Some Thoughts After a Maryland Divorce Litigant Murdered the Judge in His Case

The Maryland legal community was shocked to the core by the horrific death of Judge Andrew Wilkinson, who was murdered in his driveway by a man who was litigating his divorce case before the judge. While the killer in this case potentially had mental health issues, divorce litigation can impose an incredible amount of stress and emotion divorce litigation on the spouses going through the process… even those without mental health problems. The stress that’s often involved (and exacerbated if you try to go it alone) is an excellent reason to retain an experienced Maryland family lawyer when litigating your divorce.

Not all divorces are traumatic. An out-of-state lawyer, who began his career clerking for a small-town family court judge, once described an older couple’s appearance in court to finalize their divorce. As the judge inquired whether the couple met the statutory qualifications, one question inadvertently inspired the husband to disclose that the couple had most recently engaged in intimate relations less than one week before the hearing.

The judge explained that she could not grant the divorce because the couple didn’t meet the state’s requirement for being separated, and the couple exited, smiling and joking with one another.

Those cases are, of course, the exception. Many divorces are agonizing for one or both spouses. They may engender feelings of loss, hopelessness, and desperation. The same out-of-state lawyer recounted a different couple who appeared for a mandatory pretrial mediation session. When the husband’s counsel raised the possibility of the husband seeking sole custody of the children, the wife glared and declared, “If you take my babies from me, I will kill you.”

While the stressed-out wife likely just blurted the first thing that came to mind, her attorney still decided (wisely) that a 5-10 minute break for counsel to consult with their clients separately was a good idea.

Sadly, the Washington County case shows that, sometimes, litigants don’t just make idle threats but instead resort to actual violence.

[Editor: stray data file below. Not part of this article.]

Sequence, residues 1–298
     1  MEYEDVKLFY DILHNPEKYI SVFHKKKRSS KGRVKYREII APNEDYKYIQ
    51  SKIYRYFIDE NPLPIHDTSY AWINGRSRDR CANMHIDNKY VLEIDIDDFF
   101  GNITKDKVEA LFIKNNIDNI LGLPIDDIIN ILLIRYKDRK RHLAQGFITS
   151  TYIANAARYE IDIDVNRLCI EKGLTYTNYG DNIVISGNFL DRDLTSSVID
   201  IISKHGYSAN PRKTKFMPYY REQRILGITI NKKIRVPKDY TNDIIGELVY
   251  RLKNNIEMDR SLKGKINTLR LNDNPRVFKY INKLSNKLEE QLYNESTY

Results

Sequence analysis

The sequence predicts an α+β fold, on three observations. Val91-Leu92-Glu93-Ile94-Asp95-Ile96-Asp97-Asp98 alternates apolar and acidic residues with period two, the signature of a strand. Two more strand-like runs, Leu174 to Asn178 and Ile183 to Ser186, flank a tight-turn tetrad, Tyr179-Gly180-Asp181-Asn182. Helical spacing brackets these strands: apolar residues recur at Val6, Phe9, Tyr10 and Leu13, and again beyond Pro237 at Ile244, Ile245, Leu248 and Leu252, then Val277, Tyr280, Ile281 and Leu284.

On the first day of the trial, the husband appeared without counsel. On day two, neither the husband nor an attorney appeared. The husband called the courthouse and said he had “a headache.”

On that second day, the man’s adult daughter (from a previous relationship) testified in court that the man confined her to her bedroom for years, installed cameras to watch “her every move” and beat her with a belt and other objects. That testimony came in addition to the wife’s testimony about how the husband isolated her and the children, controlled “every aspect” of their lives, and abused them.

After receiving all of that proof, Judge Wilkinson determined that the man should not have custody of any of the couple’s four children, ages 12, 11, 5, and 3. He also determined that the husband should not have visitation and should not contact the wife or the children. The judge wrote that the manner in which the husband had “isolated these children and mom over the past two years, I think that has gone on throughout the marriage, and it’s shocking. I think he is abusive in multiple ways.”

Later that day, the husband killed the judge.

Divorce Counsel and the Emotionally Fraught Client

It is entirely possible that there was nothing anyone — not even the best divorce lawyer — could have done to alter or mitigate this man’s path of death and destruction. Still, the loss of a marriage (combined with a divorce action) can make even entirely mentally stable people feel overwhelmed and desperate, and sometimes having good legal counsel can help immeasurably.

This is a very important (but less frequently considered) benefit of legal representation in your divorce. People may recognize a lawyer’s keen knowledge of the law and ability to advocate powerfully, but a good divorce lawyer can also act as a buffer and a sounding board for their divorce client. This may include clearly managing client expectations to prevent a spouse from developing unreasonable hopes and managing client emotions, helping to “rein them in” when the stress of the situation might otherwise lead them to do something damaging to their case, to themselves, or to others.

If you find yourself going through a divorce, the thoughtful and diligent Maryland family law attorneys at Anthony A. Fatemi, LLC are here to help. Contact us today at 301-519-2801 or via our online form to schedule your consultation.

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